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Rowan's Resistance Helps Spur Changes to Education Restructuring Legislation

University insists on governing board that maintains its autonomy, as well as that of Rutgers-Camden.

Forces are continuing to mass against a legislative plan to create a joint board to govern Rowan University and Rutgers-Camden. Meanwhile, co-sponsors of the Senate bill -- introduced last week to restructure the state's higher education system – are rewriting sections of it in response to pushback from both academic communities.

The latest group to express displeasure is Rowan's Board of Trustees, which passed a resolution yesterday that endorsed the idea of a joint board to oversee new, voluntary collaborations between the two universities while "retaining the autonomy of both institutions and their respective governing boards."

Observers believe the resolution likely mirrors as-yet unreleased updates to the Senate bill. It does echo similar views codified by Rowan's faculty and staff Senate and the union that represents them, as well as Rutgers' boards of trustees and governors and faculty at all three of Rutgers' campuses.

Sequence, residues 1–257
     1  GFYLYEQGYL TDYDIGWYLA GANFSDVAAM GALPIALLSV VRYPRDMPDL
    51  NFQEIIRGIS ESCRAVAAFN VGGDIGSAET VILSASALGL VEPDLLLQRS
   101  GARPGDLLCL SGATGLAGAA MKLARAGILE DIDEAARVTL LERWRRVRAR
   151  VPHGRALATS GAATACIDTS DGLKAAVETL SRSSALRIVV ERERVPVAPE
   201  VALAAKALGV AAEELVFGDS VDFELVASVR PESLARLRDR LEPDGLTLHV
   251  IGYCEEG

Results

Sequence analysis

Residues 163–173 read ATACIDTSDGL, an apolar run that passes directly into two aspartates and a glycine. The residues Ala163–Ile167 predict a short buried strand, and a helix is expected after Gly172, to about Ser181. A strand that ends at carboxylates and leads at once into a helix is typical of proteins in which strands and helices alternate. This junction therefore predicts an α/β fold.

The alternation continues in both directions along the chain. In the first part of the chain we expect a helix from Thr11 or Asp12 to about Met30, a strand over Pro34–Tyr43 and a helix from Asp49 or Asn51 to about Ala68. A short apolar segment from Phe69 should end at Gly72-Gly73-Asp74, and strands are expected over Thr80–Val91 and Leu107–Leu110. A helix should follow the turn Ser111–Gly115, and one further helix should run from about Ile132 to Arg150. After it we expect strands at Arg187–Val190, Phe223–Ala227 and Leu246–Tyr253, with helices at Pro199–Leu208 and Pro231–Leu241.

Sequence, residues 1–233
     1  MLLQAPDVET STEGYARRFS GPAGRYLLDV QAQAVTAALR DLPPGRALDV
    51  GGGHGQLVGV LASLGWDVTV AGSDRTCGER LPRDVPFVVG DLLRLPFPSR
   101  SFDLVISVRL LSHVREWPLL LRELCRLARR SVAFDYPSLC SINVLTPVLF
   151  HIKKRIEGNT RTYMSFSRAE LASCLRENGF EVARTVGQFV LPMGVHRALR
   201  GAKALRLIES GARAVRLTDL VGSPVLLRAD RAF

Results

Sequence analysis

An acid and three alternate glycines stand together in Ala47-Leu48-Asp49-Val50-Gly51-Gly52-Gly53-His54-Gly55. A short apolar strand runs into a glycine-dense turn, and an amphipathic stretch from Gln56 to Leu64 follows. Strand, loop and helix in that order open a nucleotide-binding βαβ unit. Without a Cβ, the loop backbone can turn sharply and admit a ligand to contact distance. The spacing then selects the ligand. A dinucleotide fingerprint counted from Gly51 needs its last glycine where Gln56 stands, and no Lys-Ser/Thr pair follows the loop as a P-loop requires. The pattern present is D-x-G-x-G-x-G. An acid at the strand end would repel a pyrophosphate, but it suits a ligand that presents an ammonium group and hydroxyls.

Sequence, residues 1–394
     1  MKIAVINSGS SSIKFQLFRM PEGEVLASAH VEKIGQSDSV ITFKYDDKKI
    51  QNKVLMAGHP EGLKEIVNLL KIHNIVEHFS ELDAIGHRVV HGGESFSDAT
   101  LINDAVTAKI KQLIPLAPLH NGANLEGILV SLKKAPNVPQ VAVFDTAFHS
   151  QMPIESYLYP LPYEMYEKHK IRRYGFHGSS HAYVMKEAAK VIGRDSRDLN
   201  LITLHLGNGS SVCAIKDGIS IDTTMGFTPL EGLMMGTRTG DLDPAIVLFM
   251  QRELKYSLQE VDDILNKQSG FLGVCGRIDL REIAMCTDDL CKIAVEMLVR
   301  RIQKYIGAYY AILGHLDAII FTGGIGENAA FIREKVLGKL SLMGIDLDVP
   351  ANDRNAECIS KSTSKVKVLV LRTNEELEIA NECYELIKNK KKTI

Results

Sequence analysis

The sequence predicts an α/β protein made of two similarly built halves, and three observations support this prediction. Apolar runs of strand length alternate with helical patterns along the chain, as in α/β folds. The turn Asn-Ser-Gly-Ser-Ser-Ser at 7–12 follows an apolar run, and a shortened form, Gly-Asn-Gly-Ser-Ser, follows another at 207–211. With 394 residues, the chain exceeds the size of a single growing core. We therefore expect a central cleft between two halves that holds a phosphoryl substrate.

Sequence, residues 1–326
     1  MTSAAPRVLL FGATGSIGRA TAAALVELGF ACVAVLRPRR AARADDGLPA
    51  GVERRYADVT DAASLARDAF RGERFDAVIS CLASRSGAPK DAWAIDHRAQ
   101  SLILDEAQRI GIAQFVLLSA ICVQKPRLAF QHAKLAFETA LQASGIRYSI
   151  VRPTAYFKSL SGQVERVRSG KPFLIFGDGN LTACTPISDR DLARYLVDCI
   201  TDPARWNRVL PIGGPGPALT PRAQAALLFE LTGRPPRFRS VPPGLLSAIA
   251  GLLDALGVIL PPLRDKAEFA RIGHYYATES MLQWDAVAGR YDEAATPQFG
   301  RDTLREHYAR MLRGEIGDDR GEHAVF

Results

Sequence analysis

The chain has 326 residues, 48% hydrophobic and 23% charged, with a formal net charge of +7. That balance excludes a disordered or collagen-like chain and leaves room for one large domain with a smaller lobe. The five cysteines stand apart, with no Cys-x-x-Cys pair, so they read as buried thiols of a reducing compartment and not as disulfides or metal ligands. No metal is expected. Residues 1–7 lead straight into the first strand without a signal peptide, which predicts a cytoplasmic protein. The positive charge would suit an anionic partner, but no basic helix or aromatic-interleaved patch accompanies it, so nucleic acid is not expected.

The current draft of the bill, whose changes will, according to co-sponsor Sen. Joseph Vitale (D-Gloucester), soon work their way into the identical Assembly version, also calls for Rutgers University to absorb all assets, debts, and employees of the University of Medicine and Dentistry of New Jersey (UMNDJ), except for Newark's University Hospital (UH) and the School of Osteopathic Medicine (SOM) in Stratford, Camden County, which would be subsumed into Rowan.

Original drafts of the bill called for SOM to be merged with Rutgers, along with almost all of the rest of UMDNJ. Vitale says the SOM and UH provisions could change dramatically as the bill moves through Trenton, since he and his colleagues are still working to find ways to ensure that UH retains its charitable mission and proper funding and that the SOM arrangement can be "practically applied."

In an open letter sent to the UMNDJ community yesterday, interim President Denise V. Rodgers opposed the separation of SOM from UMDNJ and stressed that if her institution does merge with Rutgers -- a positive scenario in her view that she says would "move Rutgers from approximately 44th place to 21st in the rankings of total research expenditures" -- her students wish their diplomas to retain the UMDNJ name.

Neither Rowan trustees nor Rowan interim President Ali Houshmand, who's expected to be named president this week, publicly addressed the SOM initiative yesterday, though spokesperson Joe Cardona acknowledged that Houshmand agrees with the trustees' recommendations for the structure of the joint Rowan/Rutgers-Camden governing board.